Among the company's brands are Smart Balance, Earth Balance, Bestlife, EVOL, Udi's, Glutino and Gluten-Free Pantry. Although Boulder Brands has seen a decline in its price/sales ratio over the last year, the share price has actually risen around 23 percent. Year-to-date, however, the stock has lost almost seven percent.

At current levels, the stock is trading around 20 percent below its all-time high, giving the company a market capitalization of $901 million. Like the majority of its industry counterparts, Boulder Brands has an enviable track record of revenue growth, with top-line sales rising 91 percent between fiscal 2010 and fiscal 2013.

Nevertheless, operational headwinds have caused some volatility in net income during the same time frame.

The next catalyst that investors will want to keep an eye on is the company's next quarterly earnings release which is scheduled for July 29 prior to the opening bell. Analysts are estimating that Boulder Brands will report earnings per share of $0.05 on a 17.70 percent boost in revenue to $130.29 million.

A strong earnings release should help the stock to hone in on its one-year consensus target price of $18.25, which represents a premium of better than 23 percent to current prices.

Annie's (BNNY)

This organic food company has a lineup of over 125 products in three primary categories -- meals, snacks and dressings. Annie's is in the sweet-spot for growth as it markets its branded line of organic food to health-conscious consumers who seek to avoid artificial flavors, synthetic colors and preservatives.

Like the other companies covered here, Annie's is attractive because the stock has pulled back sharply despite strong fundamentals. Over the last year, the shares are down around 19 percent, including a roughly 24 percent loss in 2014.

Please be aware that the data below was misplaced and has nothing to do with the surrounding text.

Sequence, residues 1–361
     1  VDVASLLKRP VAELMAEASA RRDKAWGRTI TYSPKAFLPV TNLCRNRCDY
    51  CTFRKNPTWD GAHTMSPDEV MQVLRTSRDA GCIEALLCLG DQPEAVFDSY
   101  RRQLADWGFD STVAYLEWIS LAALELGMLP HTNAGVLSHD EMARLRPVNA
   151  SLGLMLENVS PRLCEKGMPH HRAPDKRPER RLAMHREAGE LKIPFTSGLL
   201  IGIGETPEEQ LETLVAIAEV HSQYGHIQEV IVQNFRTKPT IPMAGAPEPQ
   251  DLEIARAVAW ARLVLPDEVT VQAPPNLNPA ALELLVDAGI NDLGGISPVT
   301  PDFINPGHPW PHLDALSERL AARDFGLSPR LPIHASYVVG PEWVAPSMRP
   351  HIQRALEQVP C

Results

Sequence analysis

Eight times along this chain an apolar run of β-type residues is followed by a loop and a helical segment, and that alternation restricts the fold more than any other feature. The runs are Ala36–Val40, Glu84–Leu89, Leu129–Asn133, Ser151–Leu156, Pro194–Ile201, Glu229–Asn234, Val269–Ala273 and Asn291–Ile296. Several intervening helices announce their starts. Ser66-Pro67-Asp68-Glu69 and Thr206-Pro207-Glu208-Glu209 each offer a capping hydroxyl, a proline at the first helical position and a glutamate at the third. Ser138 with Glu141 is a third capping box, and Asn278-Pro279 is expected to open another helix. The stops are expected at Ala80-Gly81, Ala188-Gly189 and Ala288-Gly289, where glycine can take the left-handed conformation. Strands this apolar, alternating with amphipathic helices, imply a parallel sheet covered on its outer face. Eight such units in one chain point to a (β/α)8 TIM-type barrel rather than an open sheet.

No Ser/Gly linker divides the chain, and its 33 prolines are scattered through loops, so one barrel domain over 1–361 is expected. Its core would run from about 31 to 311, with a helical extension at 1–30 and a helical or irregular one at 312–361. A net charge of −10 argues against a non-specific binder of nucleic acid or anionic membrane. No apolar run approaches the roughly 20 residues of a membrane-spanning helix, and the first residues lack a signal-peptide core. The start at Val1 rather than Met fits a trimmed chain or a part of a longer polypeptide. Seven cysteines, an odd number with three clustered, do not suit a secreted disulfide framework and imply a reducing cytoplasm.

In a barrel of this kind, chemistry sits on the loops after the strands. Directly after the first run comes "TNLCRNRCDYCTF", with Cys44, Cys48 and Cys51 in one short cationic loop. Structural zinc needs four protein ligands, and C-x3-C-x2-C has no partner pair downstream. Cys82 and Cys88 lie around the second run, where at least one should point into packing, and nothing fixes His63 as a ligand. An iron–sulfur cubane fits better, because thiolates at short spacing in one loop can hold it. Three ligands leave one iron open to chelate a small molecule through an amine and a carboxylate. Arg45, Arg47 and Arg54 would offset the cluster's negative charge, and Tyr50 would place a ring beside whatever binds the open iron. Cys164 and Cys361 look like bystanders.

Over the course of the last 52-weeks Annie's has gone from trading at a 4.45 price/sales multiple to just 2.65 times sales. Shares currently trade at a forward P/E multiple of 29 and a PEG ratio of 1.46. Although these are not exactly cheap metrics, forward-looking growth estimates are very attractive.

Wall Street is modeling sales growth of 18 percent in fiscal 2015 followed by 17 percent growth in 2016. Net income is expected to rise by a little less than five percent this year followed by a 26 percent jump next year.

If the past is any predictor of future performance, Annie's should be able to meet or exceed these estimates as the company has been a particularly compelling top-line growth story in recent years. Although Annie's has had some trouble in boosting its net profit margins, the company has recorded revenue growth of 74 percent over the last four years.

Additionally, net income has risen for the last three years. Going forward, this will be a company to watch in the fast-growing natural and organic food sector.


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The views and opinions expressed herein are the views and opinions of the author and do not necessarily reflect those of Nasdaq, Inc.

The views and opinions expressed herein are the views and opinions of the author and do not necessarily reflect those of Nasdaq, Inc.